Doris Lessing Reinvents Her Parents in Alfred & Emily

The Nobel laureate's final book

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Alfred & Emily
By Doris Lessing
Harper, 274 pp., $25.95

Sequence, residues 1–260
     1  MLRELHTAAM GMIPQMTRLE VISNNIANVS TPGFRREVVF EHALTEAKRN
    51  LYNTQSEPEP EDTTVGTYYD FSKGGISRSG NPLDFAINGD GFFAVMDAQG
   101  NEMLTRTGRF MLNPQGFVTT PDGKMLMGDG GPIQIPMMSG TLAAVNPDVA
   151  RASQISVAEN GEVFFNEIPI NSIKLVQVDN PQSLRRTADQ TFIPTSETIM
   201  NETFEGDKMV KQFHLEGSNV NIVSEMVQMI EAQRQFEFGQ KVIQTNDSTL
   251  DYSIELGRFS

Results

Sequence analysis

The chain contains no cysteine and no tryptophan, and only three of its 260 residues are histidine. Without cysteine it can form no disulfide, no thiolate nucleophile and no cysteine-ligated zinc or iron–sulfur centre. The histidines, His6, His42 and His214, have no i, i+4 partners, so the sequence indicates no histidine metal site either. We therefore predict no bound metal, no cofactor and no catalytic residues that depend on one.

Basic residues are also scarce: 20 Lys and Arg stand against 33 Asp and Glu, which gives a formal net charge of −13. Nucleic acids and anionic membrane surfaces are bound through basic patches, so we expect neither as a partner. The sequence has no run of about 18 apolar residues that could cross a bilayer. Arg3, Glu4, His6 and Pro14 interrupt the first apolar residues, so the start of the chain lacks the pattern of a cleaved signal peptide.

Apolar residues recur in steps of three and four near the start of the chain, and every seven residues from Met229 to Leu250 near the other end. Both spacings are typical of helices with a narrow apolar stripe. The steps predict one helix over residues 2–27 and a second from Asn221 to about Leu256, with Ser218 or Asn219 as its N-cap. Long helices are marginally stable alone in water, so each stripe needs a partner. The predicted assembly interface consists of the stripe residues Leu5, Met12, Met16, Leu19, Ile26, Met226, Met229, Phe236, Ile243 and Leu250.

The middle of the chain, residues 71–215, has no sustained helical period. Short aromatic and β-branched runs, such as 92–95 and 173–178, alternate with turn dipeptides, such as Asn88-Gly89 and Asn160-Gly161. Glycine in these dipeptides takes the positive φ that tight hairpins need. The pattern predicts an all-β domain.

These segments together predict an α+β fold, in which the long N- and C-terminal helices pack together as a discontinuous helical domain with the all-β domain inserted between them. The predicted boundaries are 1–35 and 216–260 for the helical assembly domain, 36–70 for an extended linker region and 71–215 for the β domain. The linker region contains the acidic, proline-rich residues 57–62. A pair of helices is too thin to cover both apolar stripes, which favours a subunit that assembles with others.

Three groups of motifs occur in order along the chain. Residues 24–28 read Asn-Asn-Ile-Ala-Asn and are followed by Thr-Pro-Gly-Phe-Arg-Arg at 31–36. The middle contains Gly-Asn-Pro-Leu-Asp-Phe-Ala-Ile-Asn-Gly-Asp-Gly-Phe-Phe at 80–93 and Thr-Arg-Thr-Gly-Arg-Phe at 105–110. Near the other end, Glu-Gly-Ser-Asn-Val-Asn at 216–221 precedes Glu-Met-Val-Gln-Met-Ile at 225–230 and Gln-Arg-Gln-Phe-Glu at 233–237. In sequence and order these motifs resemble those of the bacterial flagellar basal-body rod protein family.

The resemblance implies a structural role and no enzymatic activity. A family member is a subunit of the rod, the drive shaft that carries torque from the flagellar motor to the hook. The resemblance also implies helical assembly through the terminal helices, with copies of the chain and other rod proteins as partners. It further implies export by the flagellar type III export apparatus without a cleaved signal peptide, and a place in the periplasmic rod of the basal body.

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Doris Lessing has announced that Alfred & Emily will be her last book. While it's not surprising that she would again choose to visit her family's past, as in Under My Skin (1994), Walking in the Shade (1997), and Martha Quest (2003), the Nobel laureate's latest work is a curious undertaking in which she rewrites her parents' unhappy lives as if World War I had never taken place.In real life, Lessing's father Alfred wanted a simple pastoral existence, but ended up injured during the war and was forced to wear a wooden leg; her mother Emily's true love drowned in the Channel. Alfred and Emily wed and moved to Persia and, several years later, to Africa. Alfred was thoroughly unsuited to life in colonial Rhodesia, where he ended up a failed landowner. Doris, born in 1919, was sent to a convent boarding school at age seven.Strangely, in her fictional story, Lessing gives her parents rather pedestrian lives. Her father starts a family and runs a rural English farm. Emily marries a prominent but dreary surgeon and is doomed to be a socialite before finding her true passion—starting progressive schools for the English poor. As for Lessing herself, she disappears from the reimagined story altogether. Why she chose not to appear in her parents' new lives is anyone's guess. In the second half of Alfred & Emily, Lessing treats us to an in-depth commentary on the preceding 100 pages: "Do children feel their parents' emotions? Yes, we do, and it is a legacy I could have done without." The author's explanations in this section, however, undermine the first part's undertaking: Lessing's prose, elegant and measured as always, speaks for itself. Yet anyone who has been sensitive, as Lessing is, to the sadness of parents can only be touched by Alfred & Emily, a flawed but lovely literary gesture.

 
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